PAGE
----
Ted Kotcheff on First Blood and how Rambo almost died

Earlier today news broke that after a series of false starts and different story ideas, a fifth Rambo film will indeed go into production soon, and Stallone will be back in the title role.

What better time, we thought, to share a few anecdotes director Ted Kotcheff told us about First Blood earlier this year. We were saving them for such an occasion, in fact.

The most notable of his tales, and most relevant to this news, is the story behind how the films could have stopped with First Blood.

Craig Skinner: The original ending of First Blood was very different, with Stallone’s character committing suicide.

Ted Kotcheff: That’s right. What happened was that the film was originally conceived of as a kind of suicide mission. Here is this guy that came back totally messed up from Vietnam and realised that there was no place for him any longer in American society. After being dumped by the sheriff out of town he turns and walks back across that bridge. He knows that he’s on a suicide mission, that this is going to end badly. Whatever happens and what proposes to do. It was written like that and the ending was that the Green Beret colonel was there to put him out of his misery.

And he [Rambo] says to him, ‘I know you got a gun in there colonel. Go ahead do it.’ But he can’t do it. The colonel pulls out the gun but he can’t shoot him. As the gun is being pointed, Rambo jumps forward and pulls the trigger. He blows himself away, commits hara-kiri. He fell into into the filing cabinets in the police station. It was always the way it was conceived, then Sylvester Stallone – who is a great populist – came up to me and he said, ‘Ted, we do terrible things to this character, they shoot at him, he’s wounded, he has to sew himself up, they sic dogs on him, he jumps off cliffs into trees. And now we’re going to kill him?’ He said, ‘the audience will hate us’. I said, ‘you got a point’.

I said, ‘We’ll start on you [Stallone] and the colonel coming out of the police station and we’ll go down the steps and over to the ambulance. And we’ll see the sheriff being put into the ambulance. We’ll know he’s still alive. And then we’re going to follow you down the street, through the town where everybody wants you destroyed and you get into the jeep and you drive off.’ And that’s how I did it.

And the producers…’What are you doing?! You’re over budget, over schedule Kotcheff! What are you doing? We all agreed this was the ending. We discussed it, we argued about it. He commits hara-kiri at the end. It’s suicide.’ I said, ‘just leave me, it will take two hours’.

Then we finished editing the film and you always test the film with real audience. It usually goes strange places, Colorado or somewhere. In this instance I think we went to a suburban theatre in Las Vegas. I’ve never heard audiences shouting at a screen like it. “Look out!’, ‘Oh my God!’ They loved the film. And then suddenly he commits hara-kiri and shoots himself. A dead silence in the theatre. And then a voice came out of the silence, ‘if the director of this film is in this movie theatre, lets string him up from the nearest lamppost!’ So I said to my wife, ‘lets get out of here before they lynch me’.

The producers collected all of the cards – because you have cards with the reactions – and card after card, ‘This is the greatest action film I’ve ever seen but who designed that ending!!’ One card after another was pulled out, all expressing the same sentiment. And I said, ‘well boys, in my back pocket I just happen to have another ending for this film’. [Laughs] An ending that you didn’t want me to shoot, that I think is perfect in this situation. And that, of course, is the ending that we used.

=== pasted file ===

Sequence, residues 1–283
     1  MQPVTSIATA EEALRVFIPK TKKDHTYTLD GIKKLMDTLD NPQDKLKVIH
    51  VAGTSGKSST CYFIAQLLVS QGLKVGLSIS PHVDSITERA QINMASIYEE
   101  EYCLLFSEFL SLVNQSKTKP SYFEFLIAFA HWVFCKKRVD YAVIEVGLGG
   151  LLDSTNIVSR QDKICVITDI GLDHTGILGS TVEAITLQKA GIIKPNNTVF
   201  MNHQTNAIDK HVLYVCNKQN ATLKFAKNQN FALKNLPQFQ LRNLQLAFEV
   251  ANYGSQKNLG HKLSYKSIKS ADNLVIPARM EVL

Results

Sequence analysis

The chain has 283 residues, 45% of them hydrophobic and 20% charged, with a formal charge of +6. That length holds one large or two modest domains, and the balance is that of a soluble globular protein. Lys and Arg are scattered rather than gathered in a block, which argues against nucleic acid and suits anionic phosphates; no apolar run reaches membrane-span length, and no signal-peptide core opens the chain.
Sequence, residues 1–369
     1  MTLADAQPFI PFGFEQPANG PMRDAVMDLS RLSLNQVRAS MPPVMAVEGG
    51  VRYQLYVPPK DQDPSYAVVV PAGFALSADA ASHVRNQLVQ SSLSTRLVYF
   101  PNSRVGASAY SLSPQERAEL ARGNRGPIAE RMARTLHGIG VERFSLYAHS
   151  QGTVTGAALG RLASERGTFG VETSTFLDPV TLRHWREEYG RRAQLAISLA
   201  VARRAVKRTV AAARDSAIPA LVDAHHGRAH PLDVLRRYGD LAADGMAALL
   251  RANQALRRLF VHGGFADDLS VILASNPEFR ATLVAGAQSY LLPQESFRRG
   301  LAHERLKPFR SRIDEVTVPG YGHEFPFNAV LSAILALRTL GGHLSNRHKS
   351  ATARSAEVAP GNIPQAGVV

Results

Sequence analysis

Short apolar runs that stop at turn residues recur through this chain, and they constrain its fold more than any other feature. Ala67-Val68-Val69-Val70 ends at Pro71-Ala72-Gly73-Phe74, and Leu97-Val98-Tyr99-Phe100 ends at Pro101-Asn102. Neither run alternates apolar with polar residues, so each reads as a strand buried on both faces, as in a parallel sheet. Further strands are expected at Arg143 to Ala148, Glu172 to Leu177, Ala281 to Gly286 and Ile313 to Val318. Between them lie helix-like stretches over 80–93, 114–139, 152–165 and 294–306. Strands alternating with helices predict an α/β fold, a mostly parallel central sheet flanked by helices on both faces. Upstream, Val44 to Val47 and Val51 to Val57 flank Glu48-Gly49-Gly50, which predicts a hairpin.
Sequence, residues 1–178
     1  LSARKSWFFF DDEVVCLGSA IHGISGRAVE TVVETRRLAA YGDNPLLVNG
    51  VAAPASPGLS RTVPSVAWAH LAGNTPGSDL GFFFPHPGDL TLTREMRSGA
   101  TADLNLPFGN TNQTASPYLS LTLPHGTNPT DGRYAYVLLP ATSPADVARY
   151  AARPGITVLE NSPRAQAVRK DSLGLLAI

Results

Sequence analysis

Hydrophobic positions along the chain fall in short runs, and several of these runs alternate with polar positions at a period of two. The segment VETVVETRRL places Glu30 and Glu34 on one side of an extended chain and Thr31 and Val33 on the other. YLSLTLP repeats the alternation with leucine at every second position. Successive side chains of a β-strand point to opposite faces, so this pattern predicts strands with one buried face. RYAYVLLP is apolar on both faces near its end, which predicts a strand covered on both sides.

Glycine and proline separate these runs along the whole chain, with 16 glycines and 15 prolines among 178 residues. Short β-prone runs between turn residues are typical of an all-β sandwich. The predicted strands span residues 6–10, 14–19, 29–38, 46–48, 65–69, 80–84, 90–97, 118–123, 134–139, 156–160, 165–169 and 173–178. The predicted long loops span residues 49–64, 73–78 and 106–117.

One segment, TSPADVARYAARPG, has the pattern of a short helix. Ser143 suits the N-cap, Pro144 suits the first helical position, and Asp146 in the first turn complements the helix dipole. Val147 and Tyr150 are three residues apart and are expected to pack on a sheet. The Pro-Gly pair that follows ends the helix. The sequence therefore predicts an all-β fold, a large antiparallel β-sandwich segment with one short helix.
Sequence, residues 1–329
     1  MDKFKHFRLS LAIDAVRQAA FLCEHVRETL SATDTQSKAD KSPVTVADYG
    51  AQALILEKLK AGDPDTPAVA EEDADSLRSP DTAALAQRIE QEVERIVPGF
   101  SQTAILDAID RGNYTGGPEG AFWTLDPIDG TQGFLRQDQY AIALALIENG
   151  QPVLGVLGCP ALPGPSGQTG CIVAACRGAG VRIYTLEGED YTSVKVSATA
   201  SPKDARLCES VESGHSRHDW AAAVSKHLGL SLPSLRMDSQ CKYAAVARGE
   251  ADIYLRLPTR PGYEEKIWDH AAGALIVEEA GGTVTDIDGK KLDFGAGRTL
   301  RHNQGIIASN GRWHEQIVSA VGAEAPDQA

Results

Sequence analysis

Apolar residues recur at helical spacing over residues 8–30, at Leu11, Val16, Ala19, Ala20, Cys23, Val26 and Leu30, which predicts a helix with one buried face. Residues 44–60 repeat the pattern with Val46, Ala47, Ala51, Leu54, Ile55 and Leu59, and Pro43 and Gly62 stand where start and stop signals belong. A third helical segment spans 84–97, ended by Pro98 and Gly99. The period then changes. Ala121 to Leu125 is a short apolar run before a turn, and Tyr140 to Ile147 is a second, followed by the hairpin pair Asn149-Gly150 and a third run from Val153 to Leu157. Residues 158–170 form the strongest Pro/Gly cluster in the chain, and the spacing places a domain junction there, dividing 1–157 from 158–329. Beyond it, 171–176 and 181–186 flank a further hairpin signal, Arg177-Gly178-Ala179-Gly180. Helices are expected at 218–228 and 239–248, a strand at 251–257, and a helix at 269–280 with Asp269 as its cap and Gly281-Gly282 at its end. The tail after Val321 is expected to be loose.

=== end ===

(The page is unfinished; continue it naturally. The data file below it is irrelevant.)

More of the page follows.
To think as well, if we’d used that original ending there never would have been the sequels.

CS: I like both endings but I actually lean a little more towards preferring the original ending myself. There’s something that hits you more in that ending. Do you prefer one over the other?

TK: Obviously both Sylvester and I liked that ending and we wrote it together and it worked in the script we wrote. But in the process of making it we had a different feeling towards the character. We fell for him more and I’d agree with Sylvester that after all we put the character through, he went through so much, and then we killed him. Maybe that was just the straw that breaks the camel’s back more than anything. But obviously yeah, we like the ending we have. I remember, I think Sylvester and I wrote sixteen different endings as to how he killed himself at the end. I remember counting them all.

CS: Are there any notable ones you remember?

TK: The police station is surrounded by the National Guard and the police and he goes over to the window with a gun. And he fires his gun into the air. And he’s riddled with bullets in the window. Because he didn’t want to hurt anyone. Obviously he invited people to kill him. That was one ending. I’ve forgotten the rest [laughs]. I think that was the most popular one.

The hara-kiri thing was interesting because of the colonel realising that Rambo was a piece of machinery that just wasn’t working anymore. And he was just going to help him put himself out of his misery.

I think finally though, I guess, the ending we had in the picture where he survives is probably the best. But only marginally, only marginally [laughs].

CS: One last quick question, out of curiosity, have you ever seen Son of Rambow?

TK: Yes, someone set it to me. It was a lot of fun. I saw it years and years ago. They said, ‘you’ve got to see this film, you’ll really love it!’ Which I did. I was very amused by it.

Thanks to Mr. Kotcheff for his time and his recollections.